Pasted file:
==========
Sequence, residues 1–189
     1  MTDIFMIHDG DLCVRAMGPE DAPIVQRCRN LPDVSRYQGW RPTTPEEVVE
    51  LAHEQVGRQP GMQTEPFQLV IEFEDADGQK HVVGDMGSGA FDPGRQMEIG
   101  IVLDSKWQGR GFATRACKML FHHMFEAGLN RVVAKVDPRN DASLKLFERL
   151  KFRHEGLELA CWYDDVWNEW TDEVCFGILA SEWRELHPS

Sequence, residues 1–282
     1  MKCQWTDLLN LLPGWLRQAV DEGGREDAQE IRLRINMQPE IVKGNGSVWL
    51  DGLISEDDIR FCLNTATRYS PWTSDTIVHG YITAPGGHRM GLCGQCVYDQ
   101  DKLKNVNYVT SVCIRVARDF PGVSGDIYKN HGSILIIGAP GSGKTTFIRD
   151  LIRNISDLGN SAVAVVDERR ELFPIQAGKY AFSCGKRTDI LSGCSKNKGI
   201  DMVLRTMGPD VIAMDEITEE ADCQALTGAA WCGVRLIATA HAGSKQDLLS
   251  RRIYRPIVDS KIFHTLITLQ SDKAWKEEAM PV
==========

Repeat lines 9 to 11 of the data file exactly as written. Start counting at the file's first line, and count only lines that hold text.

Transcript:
   101  DKLKNVNYVT SVCIRVARDF PGVSGDIYKN HGSILIIGAP GSGKTTFIRD
   151  LIRNISDLGN SAVAVVDERR ELFPIQAGKY AFSCGKRTDI LSGCSKNKGI
   201  DMVLRTMGPD VIAMDEITEE ADCQALTGAA WCGVRLIATA HAGSKQDLLS